Fruit[edit]

Just like other regions in southern Italy, olive oil is the principal cooking fat.[4] While table olives are now frequently served as appetizers, they were even more important in the past as they were often the only available food next to bread.[19] Apulia is Italy's largest producer of olive oil and table olives,[20] with many local varieties. No less than five of these oils and one table olive, respectively the Collina di Brindisi, Dauno, Terra di Bari, Terra d'Otranto, Terre Tarentine and La Bella della Daunia, are protected under the PDO status.

Many different sweet fruits are enjoyed as a dessert at the end of a meal.[21] The arancia del Gargano and clementine del Golfo di Taranto are respectively an orange and clementine which enjoy PDO status. The limone femminello del Gargano is a lemon which was granted PGI status. The fruit of the prickly pear cactus which dots the countryside is consumed as well.[22]

Soups[edit]

Soups are especially popular as winter dishes, with a main role for vegetables along with legumes and short pasta shapes. Bread is often included as well, either on the side or included in the soup.[23] The bread dishes cialledda and pancotto may also be prepared in the form of a soup if a vegetable broth is added.[24] A soup from the Salento is called cecamariti, literally meaning 'blinding the husband'. The dish received its name from its impressive appearance, which conceals its easy preparation.[25] There are also fish soups, which feature a rich broth due to the addition of small fish with bones included.[23]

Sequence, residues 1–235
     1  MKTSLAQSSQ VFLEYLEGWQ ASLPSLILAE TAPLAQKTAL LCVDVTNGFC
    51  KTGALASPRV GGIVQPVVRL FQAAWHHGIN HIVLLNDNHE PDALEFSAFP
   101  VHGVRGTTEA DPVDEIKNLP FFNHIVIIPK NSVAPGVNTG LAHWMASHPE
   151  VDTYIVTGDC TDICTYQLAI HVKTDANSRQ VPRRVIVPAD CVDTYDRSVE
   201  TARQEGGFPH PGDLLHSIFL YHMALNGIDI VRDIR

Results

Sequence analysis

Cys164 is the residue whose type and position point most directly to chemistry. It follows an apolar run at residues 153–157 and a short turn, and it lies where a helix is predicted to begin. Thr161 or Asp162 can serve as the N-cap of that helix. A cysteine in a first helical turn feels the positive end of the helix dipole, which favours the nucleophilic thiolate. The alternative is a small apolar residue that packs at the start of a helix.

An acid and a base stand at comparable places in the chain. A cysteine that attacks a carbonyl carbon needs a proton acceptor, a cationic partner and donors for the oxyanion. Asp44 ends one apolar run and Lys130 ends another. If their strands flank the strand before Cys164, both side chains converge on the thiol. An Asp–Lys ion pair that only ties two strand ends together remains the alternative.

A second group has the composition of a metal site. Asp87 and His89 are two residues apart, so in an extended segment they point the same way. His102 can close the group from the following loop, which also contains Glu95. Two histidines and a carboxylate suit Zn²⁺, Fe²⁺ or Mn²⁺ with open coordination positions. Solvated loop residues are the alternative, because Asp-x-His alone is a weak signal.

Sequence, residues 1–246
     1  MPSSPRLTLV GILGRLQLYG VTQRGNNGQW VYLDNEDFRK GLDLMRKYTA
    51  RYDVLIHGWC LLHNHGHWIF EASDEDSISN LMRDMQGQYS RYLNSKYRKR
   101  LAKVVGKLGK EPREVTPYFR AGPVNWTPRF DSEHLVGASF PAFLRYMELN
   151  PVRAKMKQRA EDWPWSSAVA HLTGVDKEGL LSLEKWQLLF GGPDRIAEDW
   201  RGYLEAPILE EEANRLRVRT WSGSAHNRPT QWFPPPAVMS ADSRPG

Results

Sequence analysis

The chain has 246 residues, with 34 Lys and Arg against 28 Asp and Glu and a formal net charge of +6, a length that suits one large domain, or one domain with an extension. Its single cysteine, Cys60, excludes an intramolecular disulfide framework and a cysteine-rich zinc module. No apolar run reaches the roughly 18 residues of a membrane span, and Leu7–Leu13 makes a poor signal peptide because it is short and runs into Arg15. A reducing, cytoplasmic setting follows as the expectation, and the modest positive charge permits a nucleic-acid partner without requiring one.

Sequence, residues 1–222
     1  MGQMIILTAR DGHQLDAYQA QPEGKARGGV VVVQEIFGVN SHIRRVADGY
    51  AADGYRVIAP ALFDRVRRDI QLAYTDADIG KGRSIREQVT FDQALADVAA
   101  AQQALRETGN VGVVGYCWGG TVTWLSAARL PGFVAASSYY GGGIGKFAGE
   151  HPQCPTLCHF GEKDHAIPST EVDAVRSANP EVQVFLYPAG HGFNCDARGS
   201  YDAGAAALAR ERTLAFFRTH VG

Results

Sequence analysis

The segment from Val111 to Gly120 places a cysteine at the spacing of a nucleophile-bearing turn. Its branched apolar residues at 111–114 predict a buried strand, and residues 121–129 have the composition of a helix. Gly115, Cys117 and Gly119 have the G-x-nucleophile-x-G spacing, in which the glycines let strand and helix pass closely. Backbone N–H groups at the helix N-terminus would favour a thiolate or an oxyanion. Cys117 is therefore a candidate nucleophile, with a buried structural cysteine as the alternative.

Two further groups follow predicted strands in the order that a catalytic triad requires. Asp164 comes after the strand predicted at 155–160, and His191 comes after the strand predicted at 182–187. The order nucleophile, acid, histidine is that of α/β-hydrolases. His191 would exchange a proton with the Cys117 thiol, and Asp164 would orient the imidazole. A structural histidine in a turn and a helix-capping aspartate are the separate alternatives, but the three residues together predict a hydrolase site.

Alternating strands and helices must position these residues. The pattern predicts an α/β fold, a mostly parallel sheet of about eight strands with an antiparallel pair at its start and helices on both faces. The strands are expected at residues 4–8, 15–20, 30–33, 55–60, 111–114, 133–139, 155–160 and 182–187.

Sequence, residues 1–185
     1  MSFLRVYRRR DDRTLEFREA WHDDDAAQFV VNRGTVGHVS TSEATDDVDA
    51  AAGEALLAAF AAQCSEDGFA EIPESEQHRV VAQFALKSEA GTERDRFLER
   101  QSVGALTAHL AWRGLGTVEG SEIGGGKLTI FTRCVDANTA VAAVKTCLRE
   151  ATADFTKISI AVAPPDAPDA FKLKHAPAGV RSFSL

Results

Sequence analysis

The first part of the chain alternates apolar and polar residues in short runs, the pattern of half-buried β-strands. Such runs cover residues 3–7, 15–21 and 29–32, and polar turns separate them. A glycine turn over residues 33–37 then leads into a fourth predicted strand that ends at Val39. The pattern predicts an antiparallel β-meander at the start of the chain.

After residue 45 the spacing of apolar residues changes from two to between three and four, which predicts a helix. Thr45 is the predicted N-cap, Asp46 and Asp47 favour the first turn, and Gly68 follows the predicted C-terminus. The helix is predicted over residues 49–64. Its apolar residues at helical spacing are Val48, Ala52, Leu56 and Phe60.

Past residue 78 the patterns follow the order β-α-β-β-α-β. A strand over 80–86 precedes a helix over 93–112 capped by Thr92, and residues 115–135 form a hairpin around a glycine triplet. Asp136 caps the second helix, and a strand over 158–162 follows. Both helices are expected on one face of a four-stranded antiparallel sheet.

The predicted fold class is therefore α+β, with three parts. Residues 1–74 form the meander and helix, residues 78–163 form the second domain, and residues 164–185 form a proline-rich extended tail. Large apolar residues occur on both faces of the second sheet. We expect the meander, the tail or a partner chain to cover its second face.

Pasta[edit]

Orecchiette is the emblematic pasta shape of Apulia.

Eggs are an essential ingredient for pasta in northern Italy, but in Apulia and other regions of Southern Italy only semolina and water is used. This was done mainly for economic reasons, because eggs were considered too valuable for an everyday dish like pasta. Omitting eggs from pasta dough allowed their use in other dishes.[26]

Orechiette is considered the signature pasta shape of Apulia, but there are many other shapes as well. These include cavatelli, capunti (typical of the Murgia plateau), troccoli (from the Daunia), lagane and sagne.[27] Orrechiette is frequently combined with fried cime di rape in orrechiette con le cime di rape.[28] Next to the familiar combinations of pasta with tomato sauces, meat and seafood, there are some typically Apulian pairings with vegetables. For example, the dish ciceri e tria uses chickpeas and lagane con purè di fave uses broad bean puree.[29]